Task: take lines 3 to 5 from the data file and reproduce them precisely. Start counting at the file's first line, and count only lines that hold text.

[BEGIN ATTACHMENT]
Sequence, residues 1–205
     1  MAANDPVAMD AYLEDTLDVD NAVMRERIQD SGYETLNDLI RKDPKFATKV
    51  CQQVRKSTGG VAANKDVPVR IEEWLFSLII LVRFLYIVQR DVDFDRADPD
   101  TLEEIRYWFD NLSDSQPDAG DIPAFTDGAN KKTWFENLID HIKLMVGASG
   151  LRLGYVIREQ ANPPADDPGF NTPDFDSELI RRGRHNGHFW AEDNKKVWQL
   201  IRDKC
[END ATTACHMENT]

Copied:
    51  CQQVRKSTGG VAANKDVPVR IEEWLFSLII LVRFLYIVQR DVDFDRADPD
   101  TLEEIRYWFD NLSDSQPDAG DIPAFTDGAN KKTWFENLID HIKLMVGASG
   151  LRLGYVIREQ ANPPADDPGF NTPDFDSELI RRGRHNGHFW AEDNKKVWQL